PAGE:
Battling after-hours fatigue? Consider an equine call group


Once upon a time, equine practitioners were willing to do their after-hours work solo. A new generation of fantastic doctors wants to do things a different way.

Late-night calls appeal to some equine practitioners. Others ... not so much. ( it becomes harder and harder to find (and hire) equine-only and mixed animal practitioners, one glaring problem crops up again and again: responsibility for after-hours emergencies. How that specific area of equine practice is handled is having a significant impact on how good your practice's opening looks and how willing doctors are to stick around long-term after taking your job.

For obvious reasons, this is a bigger issue for one-to-two-doctor practices-the fewer doctors on the payroll, the fewer doctors rotating after-hours responsibilities. It stands to reason that Dr. Ivalife is going to burn out more quickly if he or she is on call 50 percent of the time vs. 25 percent of the time. Even so, that distinction may just be putting off what is inevitable: Some doctors don't want to work emergency and late-night shifts at all.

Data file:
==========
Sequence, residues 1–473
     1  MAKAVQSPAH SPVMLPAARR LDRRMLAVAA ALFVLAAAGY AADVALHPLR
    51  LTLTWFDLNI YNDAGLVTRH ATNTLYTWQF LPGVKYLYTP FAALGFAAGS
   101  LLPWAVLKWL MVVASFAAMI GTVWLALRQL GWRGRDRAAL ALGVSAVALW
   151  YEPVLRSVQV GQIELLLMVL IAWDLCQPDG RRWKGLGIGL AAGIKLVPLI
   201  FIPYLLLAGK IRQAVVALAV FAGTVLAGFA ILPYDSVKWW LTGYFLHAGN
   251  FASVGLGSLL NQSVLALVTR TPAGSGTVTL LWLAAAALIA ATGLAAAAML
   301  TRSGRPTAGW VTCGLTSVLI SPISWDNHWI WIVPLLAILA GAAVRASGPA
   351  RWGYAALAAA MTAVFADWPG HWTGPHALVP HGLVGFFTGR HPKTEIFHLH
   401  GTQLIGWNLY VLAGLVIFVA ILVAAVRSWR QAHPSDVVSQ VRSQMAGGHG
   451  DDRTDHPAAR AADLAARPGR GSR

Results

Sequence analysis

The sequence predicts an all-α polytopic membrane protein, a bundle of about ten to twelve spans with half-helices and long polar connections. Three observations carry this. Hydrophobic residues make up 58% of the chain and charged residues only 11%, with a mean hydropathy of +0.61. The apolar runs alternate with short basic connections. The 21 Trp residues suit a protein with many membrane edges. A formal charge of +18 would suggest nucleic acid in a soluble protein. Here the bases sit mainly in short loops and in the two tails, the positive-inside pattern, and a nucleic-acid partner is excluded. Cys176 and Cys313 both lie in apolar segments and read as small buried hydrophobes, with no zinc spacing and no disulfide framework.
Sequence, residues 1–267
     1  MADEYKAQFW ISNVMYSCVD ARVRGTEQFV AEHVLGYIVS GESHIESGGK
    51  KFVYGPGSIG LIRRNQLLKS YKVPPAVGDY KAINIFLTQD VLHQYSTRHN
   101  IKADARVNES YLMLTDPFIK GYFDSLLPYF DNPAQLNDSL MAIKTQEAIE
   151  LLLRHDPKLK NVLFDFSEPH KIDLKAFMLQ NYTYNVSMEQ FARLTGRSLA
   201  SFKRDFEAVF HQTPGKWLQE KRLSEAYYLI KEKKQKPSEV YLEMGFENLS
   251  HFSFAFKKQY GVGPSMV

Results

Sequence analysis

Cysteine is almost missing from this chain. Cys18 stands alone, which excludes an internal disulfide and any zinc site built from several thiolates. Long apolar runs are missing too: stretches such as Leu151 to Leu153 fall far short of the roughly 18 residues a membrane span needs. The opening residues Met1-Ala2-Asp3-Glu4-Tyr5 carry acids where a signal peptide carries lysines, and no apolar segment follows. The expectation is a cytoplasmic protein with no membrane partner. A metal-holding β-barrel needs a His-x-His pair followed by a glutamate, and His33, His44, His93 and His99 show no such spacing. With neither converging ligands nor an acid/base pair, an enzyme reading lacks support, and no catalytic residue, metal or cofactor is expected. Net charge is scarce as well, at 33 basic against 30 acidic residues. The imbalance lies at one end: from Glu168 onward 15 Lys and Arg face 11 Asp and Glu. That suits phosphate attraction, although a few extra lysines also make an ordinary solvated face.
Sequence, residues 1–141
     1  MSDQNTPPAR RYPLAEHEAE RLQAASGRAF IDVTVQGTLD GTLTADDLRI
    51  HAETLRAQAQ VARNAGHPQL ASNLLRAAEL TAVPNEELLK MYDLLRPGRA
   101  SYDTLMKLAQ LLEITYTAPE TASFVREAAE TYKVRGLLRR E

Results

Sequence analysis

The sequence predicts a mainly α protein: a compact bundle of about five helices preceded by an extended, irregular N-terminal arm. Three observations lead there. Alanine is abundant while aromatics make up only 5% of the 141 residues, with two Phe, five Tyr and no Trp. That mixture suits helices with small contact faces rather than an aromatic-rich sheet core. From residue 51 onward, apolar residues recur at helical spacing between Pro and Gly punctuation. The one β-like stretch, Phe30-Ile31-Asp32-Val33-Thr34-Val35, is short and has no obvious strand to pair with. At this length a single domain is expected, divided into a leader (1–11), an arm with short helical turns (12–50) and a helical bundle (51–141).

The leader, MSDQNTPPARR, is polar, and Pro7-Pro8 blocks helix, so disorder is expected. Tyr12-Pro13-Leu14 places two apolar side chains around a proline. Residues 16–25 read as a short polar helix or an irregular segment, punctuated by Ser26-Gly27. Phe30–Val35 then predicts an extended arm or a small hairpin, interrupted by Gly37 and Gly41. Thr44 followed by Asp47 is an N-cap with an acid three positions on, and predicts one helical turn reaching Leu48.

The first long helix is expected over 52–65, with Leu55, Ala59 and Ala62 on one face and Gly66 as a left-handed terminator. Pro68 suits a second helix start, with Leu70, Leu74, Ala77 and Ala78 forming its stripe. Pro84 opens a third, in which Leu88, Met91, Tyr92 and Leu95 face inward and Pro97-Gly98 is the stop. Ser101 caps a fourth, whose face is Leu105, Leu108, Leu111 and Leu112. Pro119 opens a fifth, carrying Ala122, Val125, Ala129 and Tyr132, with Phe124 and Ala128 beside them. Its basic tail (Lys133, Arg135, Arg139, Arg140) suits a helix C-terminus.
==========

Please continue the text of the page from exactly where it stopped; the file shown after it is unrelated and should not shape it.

Here are the hurdles equine practice owners and managers need to jump to create an equine or mixed practice that attracts the best 21st-century veterinarians:

“We've always done it this way”

I could spend several paragraphs explaining the problem, but it's easily outlined in one sentence: Employees today don't want to work as many hours as they used to.

That shift isn't limited to certain industries or just to doctors. It's generational. Today's veterinary professionals prioritize time away from work over increased earning opportunities, and that has a direct impact on their enthusiasm about working after hours.